If you have not read the book, Mistakes were Made but Not by Me! A must read. below is a story from the book. One of my favorites. Then the definitions of cognitive dissonance, the engine of "self-justification." Below this information is a link to a very informative interview with the authors. Enjoy!
"More than half a century ago, a young social psychologist named Leon Festinger and two associates infiltrated a group of people who believed the world would end on December 21, 1954. They wanted to know what would happen to the group when (they hoped!) the prophecy failed. The group’s leader, whom the researchers called Marian Keech, promised that the faithful would be picked up by a flying saucer and elevated to safety at midnight on December 20. Many of her followers quit their jobs, gave away their houses, and disbursed their savings in anticipation of the end. Who needs money in outer space? Others waited in fear or resignation in their homes. (Mrs. Keech’s husband, a nonbeliever, went to bed early and slept soundly through the night, while his wife and her followers prayed in the living room.) Festinger made his own prediction: The believers who had not made a strong commitment to the prophecy—who awaited the end of the world by themselves at home, hoping they weren’t going to die at midnight—would quietly lose their faith in Mrs. Keech. But those who had given away their possessions and waited with other believers for the spaceship, he said, would increase their belief in her mystical abilities. In fact, they would now do everything they could to get others to join them. At midnight, with no sign of a spaceship in the yard, the group was feeling a little nervous. By 2:00 a.m., they were getting seriously worried. At 4:45 a.m., Mrs. Keech had a new vision: The world had been spared, she said, because of the impressive faith of her little band. “And mighty is the word of God,” she told her followers, “and by his word have ye been saved—for from the mouth of death have ye been delivered and at no time has there been such a force loosed upon the Earth. Not since the beginning of time upon this Earth has there been such a force of Good and light as now floods this room.” The group’s mood shifted from despair to exhilaration. Many of the group’s members who had not felt the need to proselytize before December 21 began calling the press to report the miracle. Soon they were out on the streets, buttonholing passersby, trying to convert them. Mrs. Keech’s prediction had failed, but not Leon Festinger’s.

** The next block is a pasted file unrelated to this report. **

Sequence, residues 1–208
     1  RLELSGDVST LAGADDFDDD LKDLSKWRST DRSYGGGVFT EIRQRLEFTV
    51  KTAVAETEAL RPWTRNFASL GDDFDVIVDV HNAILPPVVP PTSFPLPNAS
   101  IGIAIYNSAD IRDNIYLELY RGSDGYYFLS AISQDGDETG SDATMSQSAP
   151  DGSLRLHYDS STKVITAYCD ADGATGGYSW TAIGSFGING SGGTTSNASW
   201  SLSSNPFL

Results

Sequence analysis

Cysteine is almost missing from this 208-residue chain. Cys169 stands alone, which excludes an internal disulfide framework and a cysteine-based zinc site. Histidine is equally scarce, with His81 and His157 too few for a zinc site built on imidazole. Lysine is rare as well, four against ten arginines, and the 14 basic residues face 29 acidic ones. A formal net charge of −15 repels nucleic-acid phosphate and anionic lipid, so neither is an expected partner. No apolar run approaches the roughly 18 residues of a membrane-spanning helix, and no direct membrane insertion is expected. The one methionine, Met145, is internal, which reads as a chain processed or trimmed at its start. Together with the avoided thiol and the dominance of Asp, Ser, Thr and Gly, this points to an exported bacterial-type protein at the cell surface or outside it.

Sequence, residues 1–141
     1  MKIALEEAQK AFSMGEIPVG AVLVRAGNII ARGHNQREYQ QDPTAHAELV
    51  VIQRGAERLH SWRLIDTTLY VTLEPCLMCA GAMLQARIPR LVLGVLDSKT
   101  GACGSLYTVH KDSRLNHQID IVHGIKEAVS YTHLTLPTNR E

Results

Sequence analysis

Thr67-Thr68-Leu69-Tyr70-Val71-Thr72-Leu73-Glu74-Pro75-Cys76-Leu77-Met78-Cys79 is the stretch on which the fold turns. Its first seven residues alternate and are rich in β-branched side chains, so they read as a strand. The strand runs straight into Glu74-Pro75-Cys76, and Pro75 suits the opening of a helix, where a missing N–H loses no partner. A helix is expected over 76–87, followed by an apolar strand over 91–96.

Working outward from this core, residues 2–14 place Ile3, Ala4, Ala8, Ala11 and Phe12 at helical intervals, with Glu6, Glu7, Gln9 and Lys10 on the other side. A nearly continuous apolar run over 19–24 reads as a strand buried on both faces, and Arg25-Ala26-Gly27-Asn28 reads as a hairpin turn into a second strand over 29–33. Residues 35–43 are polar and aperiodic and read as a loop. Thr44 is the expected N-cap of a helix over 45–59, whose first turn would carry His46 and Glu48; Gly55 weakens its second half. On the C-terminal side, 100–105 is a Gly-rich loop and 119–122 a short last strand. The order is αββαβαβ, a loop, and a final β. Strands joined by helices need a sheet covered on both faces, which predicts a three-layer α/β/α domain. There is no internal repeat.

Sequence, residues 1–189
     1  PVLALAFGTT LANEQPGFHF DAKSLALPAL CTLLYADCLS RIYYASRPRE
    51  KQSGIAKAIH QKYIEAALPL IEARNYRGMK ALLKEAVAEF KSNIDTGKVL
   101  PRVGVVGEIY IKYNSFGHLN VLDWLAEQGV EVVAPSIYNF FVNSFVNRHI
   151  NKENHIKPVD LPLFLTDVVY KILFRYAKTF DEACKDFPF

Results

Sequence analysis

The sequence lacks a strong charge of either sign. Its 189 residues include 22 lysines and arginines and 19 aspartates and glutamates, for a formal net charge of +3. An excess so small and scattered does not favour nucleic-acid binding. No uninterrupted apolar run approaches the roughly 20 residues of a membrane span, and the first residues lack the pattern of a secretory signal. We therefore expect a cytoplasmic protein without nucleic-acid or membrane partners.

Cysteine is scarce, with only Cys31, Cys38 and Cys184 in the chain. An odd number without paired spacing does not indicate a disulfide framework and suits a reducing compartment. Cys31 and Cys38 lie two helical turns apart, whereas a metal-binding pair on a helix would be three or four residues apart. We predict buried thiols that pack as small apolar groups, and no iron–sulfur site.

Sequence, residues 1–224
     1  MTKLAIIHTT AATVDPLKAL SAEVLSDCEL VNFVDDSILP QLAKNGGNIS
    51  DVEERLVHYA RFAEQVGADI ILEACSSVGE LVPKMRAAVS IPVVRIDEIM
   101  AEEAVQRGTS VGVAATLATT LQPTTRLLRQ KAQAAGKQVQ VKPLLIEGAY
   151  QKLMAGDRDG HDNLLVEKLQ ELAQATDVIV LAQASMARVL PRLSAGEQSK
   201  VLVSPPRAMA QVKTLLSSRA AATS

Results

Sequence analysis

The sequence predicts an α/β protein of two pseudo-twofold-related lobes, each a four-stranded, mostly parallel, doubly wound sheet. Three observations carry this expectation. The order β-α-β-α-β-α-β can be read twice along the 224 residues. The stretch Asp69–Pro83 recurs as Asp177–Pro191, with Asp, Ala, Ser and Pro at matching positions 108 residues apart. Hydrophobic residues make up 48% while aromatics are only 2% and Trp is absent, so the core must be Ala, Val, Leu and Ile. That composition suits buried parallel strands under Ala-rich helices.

"The engine that drives self-justification, the energy that produces the need to justify our actions and decisions—especially the wrong ones—is the unpleasant feeling that Festinger called “cognitive dissonance.” Cognitive dissonance is a state of tension that occurs whenever a person holds two cognitions (ideas, attitudes, beliefs, opinions) that are psychologically inconsistent, such as “Smoking is a dumb thing to do because it could kill me” and “I smoke two packs a day.” Dissonance produces mental discomfort that ranges from minor pangs to deep anguish; people don’t rest easy until they find a way to reduce it. In this example, the most direct way for a smoker to reduce dissonance is by quitting. But if she has tried to quit and failed, now she must reduce dissonance by convincing herself that smoking isn’t really so harmful, that smoking is worth the risk because it helps her relax or prevents her from gaining weight (after all, obesity is a health risk too), and so on. Most smokers manage to reduce dissonance in many such ingenious, if self-deluding, ways."
As humans we are adept at self-justification. The more intelligent we are, the better we can deceive ourselves. After all, we have to live with ourselves.
Reference: Tavris, Caroll. Mistakes Were Made (but Not by Me): Why We Justify Foolish Beliefs, Bad Decisions, and Hurtful Acts (pp. 15-16). HMH Books.
For a great interview with the authors, please access this link: